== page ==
“We will greatly suffer if they (foreign countries) suddenly decide not to sell us fuel,” said Iranian political analyst Saeed Leylaz. “Fuel rationing is a security-economic decision to reduce fuel consumption.” In an interview Iranian president Mahmoud Ahmadinejad said: “They [Americans] had a plan and idea that is neutralized. They don’t know our nation. They think if they refuse to provide us with gasoline, our nation would say we don’t want nuclear energy.”
Once again, the U.S. is caught between Israel’s justified paranoia and Iran’s bellicose and radical nature. I support Israel in its attempts to prevent Iran from obtaining nuclear capabilities. Iran has murdered Israeli citizens throughout the world, for years. Do we not remember the AMIA bombing attack on the Asociación Mutual Israelita Argentina building in Buenos Aires on July 18, 1994, that killed 85 people and injured hundreds? Argentina is home to a Jewish community of 200,000, the largest in Latin America.
Jews are not safe, anywhere. This bombing case went to court and was marked by incompetence and accusations of cover-ups. All suspects in the “local connection” were found to be not guilty in September 2004. In August 2005, federal judge Juan José Galeano, in charge of the case, was impeached and removed from his post on charge of “serious” irregularities and of mishandling of the investigation. On October 25, 2006, Argentine prosecutors Alberto Nisman and Marcelo Martínez Burgos formally accused the government of Iran of directing the bombing, and Iran’s terrorist proxy, Hezbollah, of planning and executing the bombing attack. According to the prosecution’s claims in 2006, Argentina had been targeted by Iran after Buenos Aires’ decision to suspend a nuclear technology transfer contract to Tehran.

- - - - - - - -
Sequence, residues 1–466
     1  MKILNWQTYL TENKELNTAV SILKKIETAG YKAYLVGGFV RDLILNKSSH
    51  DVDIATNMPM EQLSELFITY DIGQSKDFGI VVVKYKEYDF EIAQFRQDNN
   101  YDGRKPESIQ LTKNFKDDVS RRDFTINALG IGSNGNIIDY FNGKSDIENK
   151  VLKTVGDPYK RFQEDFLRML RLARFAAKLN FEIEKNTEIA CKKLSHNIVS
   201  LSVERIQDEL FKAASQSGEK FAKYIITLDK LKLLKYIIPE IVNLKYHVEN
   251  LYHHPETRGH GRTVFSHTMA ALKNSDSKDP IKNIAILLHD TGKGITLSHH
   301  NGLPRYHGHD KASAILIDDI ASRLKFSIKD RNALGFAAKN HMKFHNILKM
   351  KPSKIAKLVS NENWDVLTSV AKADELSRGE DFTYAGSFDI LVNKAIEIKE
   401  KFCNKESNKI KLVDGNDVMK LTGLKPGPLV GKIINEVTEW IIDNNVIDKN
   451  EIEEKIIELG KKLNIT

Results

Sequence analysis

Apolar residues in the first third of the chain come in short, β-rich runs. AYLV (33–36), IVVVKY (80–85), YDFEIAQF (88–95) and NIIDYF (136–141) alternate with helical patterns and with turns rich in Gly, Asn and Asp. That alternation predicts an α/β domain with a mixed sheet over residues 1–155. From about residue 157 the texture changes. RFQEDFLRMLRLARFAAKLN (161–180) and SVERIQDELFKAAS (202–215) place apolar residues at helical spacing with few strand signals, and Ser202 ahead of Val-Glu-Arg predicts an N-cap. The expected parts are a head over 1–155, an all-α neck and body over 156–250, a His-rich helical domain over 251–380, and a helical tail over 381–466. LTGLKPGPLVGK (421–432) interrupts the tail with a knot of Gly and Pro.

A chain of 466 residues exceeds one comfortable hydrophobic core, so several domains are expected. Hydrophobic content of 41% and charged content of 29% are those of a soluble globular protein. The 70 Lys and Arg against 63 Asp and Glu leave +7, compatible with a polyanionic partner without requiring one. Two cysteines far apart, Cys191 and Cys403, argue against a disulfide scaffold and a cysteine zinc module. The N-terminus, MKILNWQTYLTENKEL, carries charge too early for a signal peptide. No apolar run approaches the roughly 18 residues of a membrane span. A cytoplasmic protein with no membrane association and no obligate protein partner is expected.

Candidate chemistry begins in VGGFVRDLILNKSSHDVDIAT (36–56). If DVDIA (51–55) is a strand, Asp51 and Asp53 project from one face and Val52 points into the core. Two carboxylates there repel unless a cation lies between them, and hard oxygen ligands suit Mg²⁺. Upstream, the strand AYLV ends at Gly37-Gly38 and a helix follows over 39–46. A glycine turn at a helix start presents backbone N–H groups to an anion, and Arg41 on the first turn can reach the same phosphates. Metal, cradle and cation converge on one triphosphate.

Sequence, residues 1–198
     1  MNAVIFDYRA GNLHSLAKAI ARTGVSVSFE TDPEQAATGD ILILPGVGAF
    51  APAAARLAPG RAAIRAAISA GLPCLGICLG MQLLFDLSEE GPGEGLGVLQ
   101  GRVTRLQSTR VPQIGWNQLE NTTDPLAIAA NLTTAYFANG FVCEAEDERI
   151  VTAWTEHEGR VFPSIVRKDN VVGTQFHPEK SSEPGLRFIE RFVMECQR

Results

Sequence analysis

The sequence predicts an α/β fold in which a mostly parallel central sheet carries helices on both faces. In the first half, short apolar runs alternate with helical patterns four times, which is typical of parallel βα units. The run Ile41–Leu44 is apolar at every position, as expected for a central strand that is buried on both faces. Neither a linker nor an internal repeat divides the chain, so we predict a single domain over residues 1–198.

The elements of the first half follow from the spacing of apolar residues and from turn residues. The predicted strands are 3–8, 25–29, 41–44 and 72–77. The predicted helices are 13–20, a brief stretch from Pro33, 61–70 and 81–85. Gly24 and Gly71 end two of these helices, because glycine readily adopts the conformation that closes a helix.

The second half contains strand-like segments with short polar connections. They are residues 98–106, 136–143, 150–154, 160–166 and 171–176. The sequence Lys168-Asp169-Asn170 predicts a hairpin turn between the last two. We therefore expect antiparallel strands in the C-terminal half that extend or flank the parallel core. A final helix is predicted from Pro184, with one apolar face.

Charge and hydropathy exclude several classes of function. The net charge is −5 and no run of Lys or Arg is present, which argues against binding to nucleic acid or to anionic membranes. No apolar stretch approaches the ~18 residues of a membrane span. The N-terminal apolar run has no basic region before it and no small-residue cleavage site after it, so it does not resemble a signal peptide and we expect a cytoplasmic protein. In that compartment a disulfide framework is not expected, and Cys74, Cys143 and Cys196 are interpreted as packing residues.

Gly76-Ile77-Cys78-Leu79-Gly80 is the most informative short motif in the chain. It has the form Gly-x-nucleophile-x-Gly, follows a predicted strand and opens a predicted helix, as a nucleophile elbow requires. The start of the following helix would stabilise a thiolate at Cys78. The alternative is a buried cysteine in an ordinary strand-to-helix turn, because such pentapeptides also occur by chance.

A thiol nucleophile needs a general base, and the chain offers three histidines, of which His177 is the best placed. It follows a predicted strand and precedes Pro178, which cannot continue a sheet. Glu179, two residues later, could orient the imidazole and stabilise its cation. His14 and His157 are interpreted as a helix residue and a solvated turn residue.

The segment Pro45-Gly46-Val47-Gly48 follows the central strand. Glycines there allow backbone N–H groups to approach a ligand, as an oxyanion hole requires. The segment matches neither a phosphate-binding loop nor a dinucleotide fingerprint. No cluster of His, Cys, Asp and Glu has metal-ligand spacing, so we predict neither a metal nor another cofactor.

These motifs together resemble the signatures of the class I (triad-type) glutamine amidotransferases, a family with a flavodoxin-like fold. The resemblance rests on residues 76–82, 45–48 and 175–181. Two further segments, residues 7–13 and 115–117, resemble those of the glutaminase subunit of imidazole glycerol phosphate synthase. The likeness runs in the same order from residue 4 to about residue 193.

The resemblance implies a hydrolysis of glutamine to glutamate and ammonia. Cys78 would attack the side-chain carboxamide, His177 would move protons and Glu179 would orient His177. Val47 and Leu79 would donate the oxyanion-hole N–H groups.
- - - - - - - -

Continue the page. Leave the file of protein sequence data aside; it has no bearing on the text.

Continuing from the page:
So, I ask you, “Do we really want a nuclear Iran?” Even if Iran doesn’t perfect a nuclear weapon, their nuclear power plants will produce tons of highly-enriched uranium (HEU) and spent nuclear fuel rods for Hezbollah to create a “super dirty” radioactive bomb. Possibly, to explode inside Israel…or downtown Manhattan or Washington, DC.
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I reviewed the Congressional Research Service Report: “The Obama Administration identifies Iran as a major threat to U.S. national security interests”. The US shares a paranoia with Israel: the perception generated by suspicions of Iran’s intentions for its nuclear program— heightened by a November 8, 2011, International Atomic Energy Agency (IAEA) report. We both share a paranoia about Iran’s support for militant groups in the Middle East and in Iraq and Afghanistan. The Obama administration accuses Iran of helping Syria’s Assad to defeat the growing popular opposition movement and of taking advantage of Shiite majority unrest against the Sunni-led, pro-U.S. government of Bahrain. Then, there is Iran’s late-December 2011 threat to try to choke off much of the world’s oil supplies by attempting to close the Strait of Hormuz—a reaction to the imposition of significant sanctions against Iran’s vital exports of oil.